Figure 1. Gallium, with atomic number 31 and atomic weight of 69.723.[1]

Gallium is the 31st element on the periodic table of elements.[2] Some of its properties are listed below:[2]

Atomic weight 69.723
Density (at 0oC) 5.91 g/cm3
Boiling point 2502 K
Melting point 302.9146 K

Gallium is a soft, light silver metal. It largely exists as a trace element in minerals and compounds. Gallium is unique in its low melting point (average human body temperature is enough to melt it) but a high boiling point.[2]

Gallium Uses

Figure 2. Gallium sealed in vacuum ampoule.[3]

Gallium arsenide and gallium nitride are used in red and blue/green LED lights, respectively. Both compounds are also used in semiconductors. Gallium arsenide has a molecular structure similar to silicon and can act as a substitute, particularly in electronics, and was used in the solar panels for the Mars Rover. Gallium nitride is also used Blu-ray technology, mobile phones, and pressure sensors for touch switches.[2]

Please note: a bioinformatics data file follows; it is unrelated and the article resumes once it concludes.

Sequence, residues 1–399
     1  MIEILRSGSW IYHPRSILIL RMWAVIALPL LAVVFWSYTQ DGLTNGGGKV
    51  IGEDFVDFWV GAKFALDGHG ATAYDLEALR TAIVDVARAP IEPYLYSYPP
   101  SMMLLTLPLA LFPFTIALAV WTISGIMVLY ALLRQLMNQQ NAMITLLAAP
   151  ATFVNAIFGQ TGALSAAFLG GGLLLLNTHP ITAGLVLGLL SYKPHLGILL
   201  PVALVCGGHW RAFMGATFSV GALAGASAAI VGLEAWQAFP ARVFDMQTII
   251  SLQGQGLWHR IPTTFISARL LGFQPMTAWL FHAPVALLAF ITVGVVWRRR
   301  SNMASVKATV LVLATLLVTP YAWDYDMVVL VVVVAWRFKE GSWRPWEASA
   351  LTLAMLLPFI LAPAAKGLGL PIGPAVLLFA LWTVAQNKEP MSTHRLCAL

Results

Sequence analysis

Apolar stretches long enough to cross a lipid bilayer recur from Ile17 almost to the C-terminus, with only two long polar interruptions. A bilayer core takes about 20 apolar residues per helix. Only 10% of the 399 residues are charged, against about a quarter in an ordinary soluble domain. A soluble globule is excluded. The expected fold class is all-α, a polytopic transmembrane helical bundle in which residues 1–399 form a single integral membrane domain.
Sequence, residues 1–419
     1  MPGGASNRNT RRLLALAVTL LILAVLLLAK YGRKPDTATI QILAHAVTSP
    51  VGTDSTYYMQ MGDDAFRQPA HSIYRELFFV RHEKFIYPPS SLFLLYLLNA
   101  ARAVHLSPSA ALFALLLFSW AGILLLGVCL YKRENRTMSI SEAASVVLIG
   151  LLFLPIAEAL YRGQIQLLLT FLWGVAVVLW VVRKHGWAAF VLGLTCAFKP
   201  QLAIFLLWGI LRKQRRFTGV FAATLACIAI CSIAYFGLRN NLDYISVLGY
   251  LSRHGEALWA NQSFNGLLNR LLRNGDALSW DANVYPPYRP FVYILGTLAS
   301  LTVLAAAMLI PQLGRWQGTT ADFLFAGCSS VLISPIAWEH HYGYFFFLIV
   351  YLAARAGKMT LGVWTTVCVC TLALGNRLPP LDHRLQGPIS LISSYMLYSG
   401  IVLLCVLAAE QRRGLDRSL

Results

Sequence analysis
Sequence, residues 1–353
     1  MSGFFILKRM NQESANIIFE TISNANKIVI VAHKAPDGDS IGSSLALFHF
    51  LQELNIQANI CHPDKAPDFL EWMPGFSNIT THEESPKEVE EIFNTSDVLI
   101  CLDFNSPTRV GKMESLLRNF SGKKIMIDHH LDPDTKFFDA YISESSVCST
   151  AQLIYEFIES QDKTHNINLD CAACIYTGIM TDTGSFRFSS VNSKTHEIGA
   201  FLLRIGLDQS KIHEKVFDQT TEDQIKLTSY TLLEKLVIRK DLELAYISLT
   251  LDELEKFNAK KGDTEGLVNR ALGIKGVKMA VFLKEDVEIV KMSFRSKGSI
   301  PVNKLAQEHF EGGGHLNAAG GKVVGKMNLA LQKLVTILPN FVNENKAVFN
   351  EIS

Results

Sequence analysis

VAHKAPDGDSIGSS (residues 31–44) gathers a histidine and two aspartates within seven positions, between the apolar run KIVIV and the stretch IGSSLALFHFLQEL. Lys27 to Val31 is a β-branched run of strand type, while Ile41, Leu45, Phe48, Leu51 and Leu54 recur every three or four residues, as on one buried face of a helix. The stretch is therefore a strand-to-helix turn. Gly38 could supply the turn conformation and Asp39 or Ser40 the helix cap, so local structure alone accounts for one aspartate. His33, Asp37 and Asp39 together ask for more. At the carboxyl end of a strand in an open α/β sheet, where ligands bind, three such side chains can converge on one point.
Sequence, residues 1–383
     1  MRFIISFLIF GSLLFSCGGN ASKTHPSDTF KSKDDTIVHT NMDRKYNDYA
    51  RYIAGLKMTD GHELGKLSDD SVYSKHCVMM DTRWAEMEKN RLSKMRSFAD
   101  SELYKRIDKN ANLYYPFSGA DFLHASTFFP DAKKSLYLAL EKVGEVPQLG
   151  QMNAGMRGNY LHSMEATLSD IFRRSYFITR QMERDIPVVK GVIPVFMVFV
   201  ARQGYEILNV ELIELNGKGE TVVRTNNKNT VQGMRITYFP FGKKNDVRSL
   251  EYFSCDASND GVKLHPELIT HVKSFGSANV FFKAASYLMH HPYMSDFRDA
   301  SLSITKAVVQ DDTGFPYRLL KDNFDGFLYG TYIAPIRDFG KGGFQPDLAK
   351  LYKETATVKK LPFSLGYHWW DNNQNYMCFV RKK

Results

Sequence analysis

Gallium will alloy with most metals and is often used in low-melting point alloys due to its own low melting point. Gallium's high boiling point makes it useful for recording high temperatures that would normal destroy a regular thermometer, since it takes very high temperatures for gallium to reach the point of vapourisation. It is sometimes used as non-toxic substitute for mercury in regular thermometers.[4]


Gallium has two isotopes found in nature:[2]

Symbol Natural Abundance
69Ga 60.108%
71Ga 39.892%


The video below is from the University of Nottingham's periodic videos project.[5] They have created a complete suite of short videos on every element on the periodic table of elements.

For Further Reading


  1. Made internally by a member of the Energy Education team.
  2. 2.0 2.1 2.2 2.3 2.4 Royal Society of Chemistry Periodic Table, Gallium [Online], Available:
  3. Wikimedia Commons, File:6N Gallium sealed in vacuum ampoule.jpg [Online], Available:
  4. John Emsley, "Nature’s Building Blocks: An A-Z Guide to the Elements", Oxford University Press, New York, 2nd Edition, 2011.
  5. See more videos from the University of Nottingham on different elements here: